Rainbow Six Siege’s Long Standing Weapon Sight Misalignment Problem Fixed in Grim Sky

For a competitive first person shooter game, the last thing you want as a player is inaccurate weapons. In Rainbow Six Siege, a competitive shooter where missing, even by a millimeter, could mean death, weapon sight misalignment has been a problem for a while. Rainbow Six Siege developers have been tackling this issue for a long time, and have finally announced that a fix will be deployed in the upcoming Operation Grim Sky.

Last week, the official reveal of Operation Grim Sky was dropped, in which Ubisoft briefly stated the status of the sight misalignment fix. Today, a detailed blog post regarding the sight misalignment was posted on the official website. The cause of the misalignment lies in the current recoil system, which is why it has been completely reworked in Grim Sky. “This will be done by removing your weapon’s interaction with your Field of View (FOV), and ensuring the reticle will always be in the center of your screen,” reads the post.

Without getting into the technical details of the fix, this short clip explains the entire mechanic in a simplified graphic:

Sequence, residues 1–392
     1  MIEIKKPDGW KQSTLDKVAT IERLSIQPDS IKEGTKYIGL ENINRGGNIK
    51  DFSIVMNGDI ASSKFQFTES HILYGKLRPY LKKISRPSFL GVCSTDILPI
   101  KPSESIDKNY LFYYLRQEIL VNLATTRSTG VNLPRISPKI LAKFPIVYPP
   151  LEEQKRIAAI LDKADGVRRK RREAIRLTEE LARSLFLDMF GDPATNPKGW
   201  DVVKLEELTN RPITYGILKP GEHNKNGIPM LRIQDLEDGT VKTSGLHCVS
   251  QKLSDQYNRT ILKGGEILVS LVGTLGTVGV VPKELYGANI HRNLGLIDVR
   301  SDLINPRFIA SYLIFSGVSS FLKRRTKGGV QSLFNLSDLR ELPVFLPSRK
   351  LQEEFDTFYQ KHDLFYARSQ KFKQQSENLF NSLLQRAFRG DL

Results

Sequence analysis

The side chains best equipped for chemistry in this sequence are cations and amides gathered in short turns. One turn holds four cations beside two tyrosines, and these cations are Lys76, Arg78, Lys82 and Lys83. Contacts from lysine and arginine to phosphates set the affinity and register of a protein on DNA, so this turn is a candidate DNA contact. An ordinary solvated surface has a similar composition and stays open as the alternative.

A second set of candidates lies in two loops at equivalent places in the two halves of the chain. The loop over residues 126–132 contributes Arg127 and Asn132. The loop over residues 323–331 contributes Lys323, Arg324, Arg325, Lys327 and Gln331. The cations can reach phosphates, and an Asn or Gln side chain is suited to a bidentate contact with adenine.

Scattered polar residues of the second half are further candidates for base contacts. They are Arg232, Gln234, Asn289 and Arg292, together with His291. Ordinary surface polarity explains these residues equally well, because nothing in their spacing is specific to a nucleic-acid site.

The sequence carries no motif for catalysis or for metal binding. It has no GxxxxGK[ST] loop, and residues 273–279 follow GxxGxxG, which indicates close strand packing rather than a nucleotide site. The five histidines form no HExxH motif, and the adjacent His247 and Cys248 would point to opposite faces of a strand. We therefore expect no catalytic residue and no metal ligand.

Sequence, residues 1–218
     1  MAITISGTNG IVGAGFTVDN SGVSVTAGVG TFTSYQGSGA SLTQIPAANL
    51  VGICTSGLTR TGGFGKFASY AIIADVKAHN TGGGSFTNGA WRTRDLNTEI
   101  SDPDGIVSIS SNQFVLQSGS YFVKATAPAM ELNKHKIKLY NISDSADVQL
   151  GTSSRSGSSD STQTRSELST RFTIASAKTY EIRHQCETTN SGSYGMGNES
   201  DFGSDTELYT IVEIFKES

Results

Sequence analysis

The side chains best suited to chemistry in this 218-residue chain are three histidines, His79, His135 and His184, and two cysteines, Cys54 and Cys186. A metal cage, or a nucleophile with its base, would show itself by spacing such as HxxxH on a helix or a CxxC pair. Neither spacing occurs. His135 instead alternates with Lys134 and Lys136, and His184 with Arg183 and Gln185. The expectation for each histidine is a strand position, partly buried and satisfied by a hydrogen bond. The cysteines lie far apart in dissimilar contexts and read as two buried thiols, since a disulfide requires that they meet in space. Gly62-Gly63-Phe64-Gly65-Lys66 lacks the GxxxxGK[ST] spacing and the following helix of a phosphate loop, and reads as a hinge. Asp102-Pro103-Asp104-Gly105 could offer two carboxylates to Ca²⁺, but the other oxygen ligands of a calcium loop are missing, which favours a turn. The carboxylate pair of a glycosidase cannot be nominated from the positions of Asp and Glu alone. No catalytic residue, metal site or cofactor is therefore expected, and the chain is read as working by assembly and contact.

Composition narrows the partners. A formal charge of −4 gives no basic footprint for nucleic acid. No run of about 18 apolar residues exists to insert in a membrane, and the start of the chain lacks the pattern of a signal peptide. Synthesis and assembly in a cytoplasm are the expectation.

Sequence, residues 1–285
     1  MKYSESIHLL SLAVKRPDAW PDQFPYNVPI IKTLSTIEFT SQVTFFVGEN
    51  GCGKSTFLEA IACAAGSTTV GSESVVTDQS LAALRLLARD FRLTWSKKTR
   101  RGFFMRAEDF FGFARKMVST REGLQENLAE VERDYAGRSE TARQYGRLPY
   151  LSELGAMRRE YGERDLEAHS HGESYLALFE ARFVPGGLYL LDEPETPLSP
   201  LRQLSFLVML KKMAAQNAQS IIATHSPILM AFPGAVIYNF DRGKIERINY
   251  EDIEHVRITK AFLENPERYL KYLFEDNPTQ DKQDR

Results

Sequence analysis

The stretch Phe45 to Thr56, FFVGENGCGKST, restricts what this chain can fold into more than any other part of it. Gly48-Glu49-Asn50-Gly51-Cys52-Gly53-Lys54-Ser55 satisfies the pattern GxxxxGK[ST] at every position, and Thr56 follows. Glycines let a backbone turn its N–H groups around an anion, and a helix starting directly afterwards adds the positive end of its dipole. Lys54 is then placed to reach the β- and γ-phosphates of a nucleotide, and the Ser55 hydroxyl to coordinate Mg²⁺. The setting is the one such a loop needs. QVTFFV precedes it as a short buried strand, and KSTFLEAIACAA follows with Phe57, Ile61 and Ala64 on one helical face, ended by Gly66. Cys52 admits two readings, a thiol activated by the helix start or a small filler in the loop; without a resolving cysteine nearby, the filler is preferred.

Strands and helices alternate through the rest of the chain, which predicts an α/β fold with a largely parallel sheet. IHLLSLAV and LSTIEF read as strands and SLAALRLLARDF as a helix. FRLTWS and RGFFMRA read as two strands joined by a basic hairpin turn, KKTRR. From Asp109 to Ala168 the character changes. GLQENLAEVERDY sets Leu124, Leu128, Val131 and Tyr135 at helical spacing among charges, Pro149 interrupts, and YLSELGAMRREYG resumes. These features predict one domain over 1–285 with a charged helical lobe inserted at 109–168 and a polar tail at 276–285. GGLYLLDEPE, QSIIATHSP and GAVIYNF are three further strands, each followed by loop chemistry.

Optic Alignment

Now for a more detailed look; the misalignment of the optics is caused by a variance in the render scales. While the first shot is always accurate, the recoil originated from fully automatic fire causes displacement of the reticle. As a result of this displacement, the bullet travels towards a different point than where the reticle is pointing.

In Grim Sky, the reworked recoil system will be deployed. Unfortunately, Ubisoft was not able to transfer the existing ‘recoil patterns’ over to the updated system. “We have made an effort to ensure that each weapon feels as close to the original recoil as possible.” 

“Our goal is to offer a clean, tight shooting system that enables our players to showcase their skill, without rewarding players with a headshot when aiming at the torso. We have worked hard at trying to match the unique shooting feel of Siege by firing tens of thousands of bullets and switching back and forth between the two systems, and iterating to bring the new recoils closer to their live counterpart.”

Before pushing it to main build of Rainbow Six Siege, Ubisoft deployed these changes on the Test Server allowing players to give their feedback.

Farhan Ali
Farhan is a passionate writer with an undying love for games, PC hardware, and technology. With nearly 5 years of experience in blogging and over 14 years of experience in gaming, this is what he loves and does best.
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